Biden’s poll numbers still closely tied to inflation despite recent wins

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President Joe Biden’s approval ratings have ticked up amid arguably his most successful stretch as president but are unlikely to rebound fully until the current inflationary run reverses.

As of Monday, Biden registered a 40.3% approval rating in the RealClearPolitics polling average, a 3.5-point increase from his term-low, registered back on July 21. Since that time, the president has secured a series of major legislative victories, ordered the killing of a top terrorist leader, personally kicked coronavirus, and seen gas prices decrease for more than two consecutive months.

INFLATION MAY HAVE PEAKED, BUT HIGH PRICES LIKELY TO STICK

The administration has taken a significant victory lap on gas prices in particular, claiming that decreases at the pump powered the economy to “zero” inflation in July.

“Today, we received news that our economy had 0% inflation in the month of July. Zero percent,” Biden told reporters at the White House on Wednesday. “Here’s what that means: While the price of some things go up, went up last month, the price of other things went down by the same amount. The result: zero inflation last month.”

On a month-to-month basis, the president was correct; prices did not increase compared to June 2022, but the consumer price index still saw prices increase 8.5% compared to July 2021, with the majority of the increases attributed to food and shelter costs. Food prices alone jumped 1.2% compared to June and 14.4% compared to the year prior.

Furthermore, unlike gas prices, food costs might continue to rise for the public for the foreseeable future. The cost of finished food products jumped 16% in July compared to the year prior, the highest recorded jump since 1974, and economists expect the elevated prices paid by retailers to trickle down to customers in the coming weeks.

Similarly, increased shelter costs could continue to increase even after the current inflationary run has peaked, Campbell Harvey, a finance professor at Duke University’s Fuqua School of Business, explained. Harvey notes that increased rents would only be reflected when renters sign new leases, resulting in staggered increases in the data.

“So effectively, the rental and housing inflation — we’ve already realized it, but it’s not reflected in the data yet,” Harvey told the Washington Examiner. “This is a key reason that inflation will likely remain elevated.”

The public voiced negative sentiment about Biden’s economic policy for months. That trend continued into August, even with the president preparing to sign the Inflation Reduction Act into law. His handling of inflation registered just 29% support from 665 respondents in the latest poll from Ipsos and ABC, and 69% said they thought the economy was headed in the wrong direction under the current administration.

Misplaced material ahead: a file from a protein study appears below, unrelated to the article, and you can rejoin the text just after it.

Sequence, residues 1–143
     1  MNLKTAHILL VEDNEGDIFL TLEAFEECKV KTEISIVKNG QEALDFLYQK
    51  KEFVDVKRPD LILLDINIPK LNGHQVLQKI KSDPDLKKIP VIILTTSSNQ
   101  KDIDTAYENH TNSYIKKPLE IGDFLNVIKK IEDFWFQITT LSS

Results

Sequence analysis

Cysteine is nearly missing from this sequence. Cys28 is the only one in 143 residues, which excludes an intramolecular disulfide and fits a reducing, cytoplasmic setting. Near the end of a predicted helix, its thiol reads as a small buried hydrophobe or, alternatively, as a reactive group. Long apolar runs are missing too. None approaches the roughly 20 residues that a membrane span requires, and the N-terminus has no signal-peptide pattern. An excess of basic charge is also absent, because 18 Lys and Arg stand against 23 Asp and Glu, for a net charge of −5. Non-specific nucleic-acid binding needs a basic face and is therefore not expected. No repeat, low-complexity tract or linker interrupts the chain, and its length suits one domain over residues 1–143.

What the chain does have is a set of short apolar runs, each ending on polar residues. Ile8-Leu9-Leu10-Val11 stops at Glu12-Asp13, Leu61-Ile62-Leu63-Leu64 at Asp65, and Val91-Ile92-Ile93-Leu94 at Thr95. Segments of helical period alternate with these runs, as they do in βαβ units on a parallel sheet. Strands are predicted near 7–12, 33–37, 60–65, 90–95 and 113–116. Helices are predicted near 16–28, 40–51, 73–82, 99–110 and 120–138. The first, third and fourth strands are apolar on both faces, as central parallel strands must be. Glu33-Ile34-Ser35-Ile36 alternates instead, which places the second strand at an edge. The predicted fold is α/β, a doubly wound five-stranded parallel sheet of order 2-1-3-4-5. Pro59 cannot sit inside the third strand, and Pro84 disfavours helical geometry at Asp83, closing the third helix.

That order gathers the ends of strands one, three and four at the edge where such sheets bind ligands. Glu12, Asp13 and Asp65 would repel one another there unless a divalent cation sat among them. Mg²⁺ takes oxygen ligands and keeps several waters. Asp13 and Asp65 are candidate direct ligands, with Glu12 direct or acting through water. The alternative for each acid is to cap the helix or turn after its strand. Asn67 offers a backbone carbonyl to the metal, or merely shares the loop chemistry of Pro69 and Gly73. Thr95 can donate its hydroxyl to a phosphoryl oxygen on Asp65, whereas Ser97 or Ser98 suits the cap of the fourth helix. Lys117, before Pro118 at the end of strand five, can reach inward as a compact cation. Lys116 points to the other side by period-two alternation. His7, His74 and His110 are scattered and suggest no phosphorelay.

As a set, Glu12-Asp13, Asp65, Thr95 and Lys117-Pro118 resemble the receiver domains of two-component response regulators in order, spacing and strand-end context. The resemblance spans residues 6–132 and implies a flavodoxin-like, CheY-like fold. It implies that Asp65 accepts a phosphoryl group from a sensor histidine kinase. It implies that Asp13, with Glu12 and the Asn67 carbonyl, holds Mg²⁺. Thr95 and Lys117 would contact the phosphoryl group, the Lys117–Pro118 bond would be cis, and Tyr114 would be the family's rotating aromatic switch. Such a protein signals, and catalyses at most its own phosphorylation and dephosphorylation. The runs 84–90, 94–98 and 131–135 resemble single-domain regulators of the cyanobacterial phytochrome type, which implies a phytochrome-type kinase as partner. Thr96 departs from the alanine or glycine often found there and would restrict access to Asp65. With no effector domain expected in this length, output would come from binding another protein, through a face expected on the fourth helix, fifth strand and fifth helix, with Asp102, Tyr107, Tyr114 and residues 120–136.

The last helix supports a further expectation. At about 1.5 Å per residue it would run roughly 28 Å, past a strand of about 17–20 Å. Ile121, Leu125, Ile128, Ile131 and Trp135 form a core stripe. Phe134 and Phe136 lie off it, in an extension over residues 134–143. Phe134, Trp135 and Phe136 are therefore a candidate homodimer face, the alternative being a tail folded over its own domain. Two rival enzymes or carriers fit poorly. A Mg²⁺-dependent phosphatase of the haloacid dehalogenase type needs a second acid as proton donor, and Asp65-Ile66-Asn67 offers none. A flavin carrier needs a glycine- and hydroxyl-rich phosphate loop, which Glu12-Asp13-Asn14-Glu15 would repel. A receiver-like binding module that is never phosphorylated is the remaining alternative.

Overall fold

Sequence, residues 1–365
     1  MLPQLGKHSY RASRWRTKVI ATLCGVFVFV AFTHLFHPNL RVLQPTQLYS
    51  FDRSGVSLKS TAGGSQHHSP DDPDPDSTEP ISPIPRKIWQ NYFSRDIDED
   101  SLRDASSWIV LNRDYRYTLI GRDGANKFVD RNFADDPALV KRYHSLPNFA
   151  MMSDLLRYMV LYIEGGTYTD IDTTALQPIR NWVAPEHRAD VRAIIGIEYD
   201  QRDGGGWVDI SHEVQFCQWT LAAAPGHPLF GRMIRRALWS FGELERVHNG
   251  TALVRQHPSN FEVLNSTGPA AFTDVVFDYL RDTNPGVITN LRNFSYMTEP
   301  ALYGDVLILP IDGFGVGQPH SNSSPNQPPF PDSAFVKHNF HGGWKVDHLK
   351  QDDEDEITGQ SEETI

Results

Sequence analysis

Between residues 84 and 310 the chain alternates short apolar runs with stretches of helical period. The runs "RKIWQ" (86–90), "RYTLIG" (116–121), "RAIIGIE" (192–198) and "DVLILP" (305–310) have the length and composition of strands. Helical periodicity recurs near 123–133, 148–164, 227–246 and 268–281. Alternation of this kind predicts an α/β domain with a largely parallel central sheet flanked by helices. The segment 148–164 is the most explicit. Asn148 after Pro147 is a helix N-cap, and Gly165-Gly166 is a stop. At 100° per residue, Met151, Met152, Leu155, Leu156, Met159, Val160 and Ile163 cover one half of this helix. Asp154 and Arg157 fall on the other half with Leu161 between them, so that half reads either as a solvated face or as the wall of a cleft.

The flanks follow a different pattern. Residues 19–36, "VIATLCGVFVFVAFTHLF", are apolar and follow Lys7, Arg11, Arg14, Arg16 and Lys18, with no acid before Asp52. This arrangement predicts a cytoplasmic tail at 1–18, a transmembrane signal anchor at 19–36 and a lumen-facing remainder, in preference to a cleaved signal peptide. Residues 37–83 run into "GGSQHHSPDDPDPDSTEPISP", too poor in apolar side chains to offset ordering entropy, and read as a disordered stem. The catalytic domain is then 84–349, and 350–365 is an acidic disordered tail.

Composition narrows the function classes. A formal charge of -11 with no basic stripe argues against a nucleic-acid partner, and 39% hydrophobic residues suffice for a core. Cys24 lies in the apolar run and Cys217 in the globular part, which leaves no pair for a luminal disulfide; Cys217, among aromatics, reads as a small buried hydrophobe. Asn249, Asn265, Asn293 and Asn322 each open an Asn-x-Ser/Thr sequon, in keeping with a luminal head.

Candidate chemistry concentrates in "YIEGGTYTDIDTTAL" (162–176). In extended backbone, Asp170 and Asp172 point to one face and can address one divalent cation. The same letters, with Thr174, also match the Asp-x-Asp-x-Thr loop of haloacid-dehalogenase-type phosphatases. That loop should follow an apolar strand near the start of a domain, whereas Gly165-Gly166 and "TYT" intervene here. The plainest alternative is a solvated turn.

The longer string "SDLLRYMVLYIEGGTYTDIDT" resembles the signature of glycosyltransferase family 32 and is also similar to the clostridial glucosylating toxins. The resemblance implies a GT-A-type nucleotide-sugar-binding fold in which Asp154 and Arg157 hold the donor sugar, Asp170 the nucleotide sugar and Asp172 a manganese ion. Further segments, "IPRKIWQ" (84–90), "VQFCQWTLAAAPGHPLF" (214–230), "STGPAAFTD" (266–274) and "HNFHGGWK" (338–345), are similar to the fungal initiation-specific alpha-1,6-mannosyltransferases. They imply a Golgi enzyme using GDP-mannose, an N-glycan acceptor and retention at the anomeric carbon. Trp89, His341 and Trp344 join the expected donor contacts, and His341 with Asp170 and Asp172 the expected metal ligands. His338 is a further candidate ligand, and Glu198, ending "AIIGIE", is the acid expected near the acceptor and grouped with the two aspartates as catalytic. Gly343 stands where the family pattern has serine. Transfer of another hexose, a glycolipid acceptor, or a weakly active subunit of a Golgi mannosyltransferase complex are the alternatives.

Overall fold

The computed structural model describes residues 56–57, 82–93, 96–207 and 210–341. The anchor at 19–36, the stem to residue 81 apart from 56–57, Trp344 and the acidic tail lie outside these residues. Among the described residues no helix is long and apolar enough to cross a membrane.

The Biden administration, however, is planning to send the president and certain top officials on a victory tour this fall ahead of the midterm elections.

“Our goal for the next few weeks is simple: Take our message — one that we know resonates with key groups — and reach the American people where they are,” senior Biden adviser Anita Dunn and White House communications director Kate Bedingfield wrote in a memo to White House chief of staff Ron Klain on Monday. “Other upcoming events will illustrate how President Biden worked to get things done, including passing a historic gun safety law and making smart investments to keep our competitive edge and rebuild American manufacturing through the CHIPS and Science Act and the Bipartisan Infrastructure Law.”

Biden and allies have looked to the reconciliation bill as a key piece of evidence toward Biden’s stewardship of the economy, yet debates remain about just how much the bill will decrease prices for the public, and when. While the healthcare pricing aspects of the bill will kick in upon Biden’s signature, the bulk of the clean energy tax credits won’t go into effect until 2023 or 2024.

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Meanwhile, Republicans plan to escalate attacks against the 15% corporate minimum tax and an essential doubling in funding for the Internal Revenue Services as violations of Biden’s pledge not to raise taxes on households earning less than $400,000 per year.

“Biden and Democrats are out-of-touch and do not care about the pain and suffering they are causing Americans,” Republican National Committee Chairwoman Ronna McDaniel said in a statement. “Democrats celebrate raising taxes on families during a recession they created and weaponizing the IRS to target small businesses and hardworking Americans.”